In total the trust has given more than £271,000 to Thames Hospice.

“It’s really important that charity organisations like the Louis Baylis Trust are there for the community,” she said.

“I think it helps to keep charitable organisations alive.”

£100k to Sebastian's Action Trust

The £100,000 donation given to Sebastian’s Action Trust has enabled the creation of an outreach centre for families with seriously ill children.

A holiday home where families could spend time together away from hospital was the wish of Sebastian Gates before he died of a rare childhood cancer aged nine years old in 2003.

Cedar Lodge is just this and one of three buildings on the Sebastian’s Action Trust Woodlands site in Crowthorne.

Previously a disused day nursery, the grant paid for new flooring, replacement guttering, new electrics and water supply, new windows and doors, painting and decorating, and more.

It is now ‘a warm, welcoming, spacious building’ which includes a space for crafts and play, private counselling suite, kitchen facilities, a sensory area and an outdoor area.

Sebastian’s mum Jane Gates OBE and family established Sebastian’s Action Trust in 2003 and the Louis Baylis Grant is one of the largest it has ever received.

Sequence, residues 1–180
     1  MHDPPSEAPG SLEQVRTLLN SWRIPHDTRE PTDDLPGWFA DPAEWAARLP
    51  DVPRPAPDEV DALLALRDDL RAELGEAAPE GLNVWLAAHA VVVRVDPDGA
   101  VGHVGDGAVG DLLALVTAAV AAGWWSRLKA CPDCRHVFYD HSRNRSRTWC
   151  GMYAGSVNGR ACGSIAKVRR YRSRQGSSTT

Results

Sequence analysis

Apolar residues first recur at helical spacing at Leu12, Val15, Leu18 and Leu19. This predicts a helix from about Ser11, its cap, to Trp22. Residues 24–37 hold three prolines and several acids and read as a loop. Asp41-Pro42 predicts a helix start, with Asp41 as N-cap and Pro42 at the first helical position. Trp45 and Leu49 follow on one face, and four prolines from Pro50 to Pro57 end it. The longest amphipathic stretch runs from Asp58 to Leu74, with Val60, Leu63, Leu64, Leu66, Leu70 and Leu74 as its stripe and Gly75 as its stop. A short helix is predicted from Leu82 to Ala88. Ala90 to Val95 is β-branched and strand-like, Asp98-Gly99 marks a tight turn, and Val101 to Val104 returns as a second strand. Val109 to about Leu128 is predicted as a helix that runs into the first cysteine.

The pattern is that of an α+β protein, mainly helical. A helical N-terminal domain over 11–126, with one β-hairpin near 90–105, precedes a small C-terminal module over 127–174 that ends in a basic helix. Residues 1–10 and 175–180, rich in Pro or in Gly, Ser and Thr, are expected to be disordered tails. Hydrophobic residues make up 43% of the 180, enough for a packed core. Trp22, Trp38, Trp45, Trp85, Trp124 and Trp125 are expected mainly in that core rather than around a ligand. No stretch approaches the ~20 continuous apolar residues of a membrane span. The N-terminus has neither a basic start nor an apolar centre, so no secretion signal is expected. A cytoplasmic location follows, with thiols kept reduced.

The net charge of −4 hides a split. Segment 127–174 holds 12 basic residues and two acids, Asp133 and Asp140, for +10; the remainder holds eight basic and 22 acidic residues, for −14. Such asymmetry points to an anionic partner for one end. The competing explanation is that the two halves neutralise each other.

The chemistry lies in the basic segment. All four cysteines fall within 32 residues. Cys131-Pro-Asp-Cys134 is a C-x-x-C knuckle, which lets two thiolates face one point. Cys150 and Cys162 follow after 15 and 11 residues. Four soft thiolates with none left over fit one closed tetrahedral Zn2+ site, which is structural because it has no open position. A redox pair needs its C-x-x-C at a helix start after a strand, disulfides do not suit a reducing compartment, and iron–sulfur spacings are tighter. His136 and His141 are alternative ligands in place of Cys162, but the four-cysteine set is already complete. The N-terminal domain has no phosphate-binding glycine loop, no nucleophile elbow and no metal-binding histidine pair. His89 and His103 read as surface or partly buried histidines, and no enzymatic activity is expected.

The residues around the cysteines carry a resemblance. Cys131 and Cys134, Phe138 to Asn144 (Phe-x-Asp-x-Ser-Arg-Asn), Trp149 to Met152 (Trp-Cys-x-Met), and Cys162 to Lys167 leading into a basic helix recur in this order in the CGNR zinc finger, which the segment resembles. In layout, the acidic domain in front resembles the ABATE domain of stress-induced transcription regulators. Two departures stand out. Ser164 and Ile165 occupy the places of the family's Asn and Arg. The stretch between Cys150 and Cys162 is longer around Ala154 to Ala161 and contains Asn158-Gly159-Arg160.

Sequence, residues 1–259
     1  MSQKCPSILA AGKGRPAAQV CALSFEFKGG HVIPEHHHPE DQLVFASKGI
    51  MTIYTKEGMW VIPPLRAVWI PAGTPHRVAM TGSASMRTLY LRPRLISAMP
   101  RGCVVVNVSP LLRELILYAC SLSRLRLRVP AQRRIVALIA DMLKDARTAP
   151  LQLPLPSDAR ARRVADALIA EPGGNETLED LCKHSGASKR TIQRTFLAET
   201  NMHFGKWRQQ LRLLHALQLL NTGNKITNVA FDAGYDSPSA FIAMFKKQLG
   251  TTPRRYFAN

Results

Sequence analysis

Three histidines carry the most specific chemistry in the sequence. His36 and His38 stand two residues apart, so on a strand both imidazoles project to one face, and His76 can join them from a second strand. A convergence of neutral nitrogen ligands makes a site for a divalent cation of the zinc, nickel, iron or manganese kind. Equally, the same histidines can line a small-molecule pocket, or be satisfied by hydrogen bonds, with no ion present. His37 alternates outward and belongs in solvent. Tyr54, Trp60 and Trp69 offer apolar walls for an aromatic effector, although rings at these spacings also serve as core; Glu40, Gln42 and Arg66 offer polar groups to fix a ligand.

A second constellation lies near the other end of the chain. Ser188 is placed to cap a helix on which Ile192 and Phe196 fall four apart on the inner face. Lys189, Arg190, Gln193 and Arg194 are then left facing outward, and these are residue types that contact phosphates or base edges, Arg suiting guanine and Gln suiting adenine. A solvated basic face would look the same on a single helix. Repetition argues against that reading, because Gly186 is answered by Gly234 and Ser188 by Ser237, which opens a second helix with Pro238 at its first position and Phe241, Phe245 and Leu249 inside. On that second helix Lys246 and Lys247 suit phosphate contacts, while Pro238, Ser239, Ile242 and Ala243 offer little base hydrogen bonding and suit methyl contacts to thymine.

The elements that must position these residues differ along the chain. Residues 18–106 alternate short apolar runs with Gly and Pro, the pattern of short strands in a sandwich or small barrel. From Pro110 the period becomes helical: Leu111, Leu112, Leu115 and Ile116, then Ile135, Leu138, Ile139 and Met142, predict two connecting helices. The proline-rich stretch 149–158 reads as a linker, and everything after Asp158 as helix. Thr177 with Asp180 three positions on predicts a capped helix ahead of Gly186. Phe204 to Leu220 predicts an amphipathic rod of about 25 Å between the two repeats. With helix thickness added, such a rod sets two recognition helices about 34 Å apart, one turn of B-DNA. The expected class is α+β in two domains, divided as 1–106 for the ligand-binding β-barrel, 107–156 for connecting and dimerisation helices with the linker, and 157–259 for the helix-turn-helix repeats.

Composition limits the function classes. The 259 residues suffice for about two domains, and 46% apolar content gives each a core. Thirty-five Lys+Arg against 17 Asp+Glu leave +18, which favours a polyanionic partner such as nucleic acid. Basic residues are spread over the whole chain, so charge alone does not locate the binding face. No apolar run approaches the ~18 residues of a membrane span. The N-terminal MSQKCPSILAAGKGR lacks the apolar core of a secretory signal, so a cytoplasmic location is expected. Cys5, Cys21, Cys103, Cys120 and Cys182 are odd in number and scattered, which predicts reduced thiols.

“Such a significant amount of money makes such a difference,” she said.

“We have been able to totally transform Cedar Lodge into a superb outreach facility that hundreds of families will be able to use for years to come.

“We remain incredibly grateful for their generosity and continued support.”

'Together' we helped build hospice

Fiona Devine, co-founder of the Alexander Devine Children’s Hospice Service said she and her husband John were ‘blown away’ by the £100,000 donation given by the trust.

The couple set-up the charity in 2007 a year after their eldest son, Alexander, died from a brain tumour when he was eight years old.

Fiona said: “We knew that the Louis Baylis Trust made nice, charitable donations to local causes but we were absolutely blown away by the figure that we got from them.”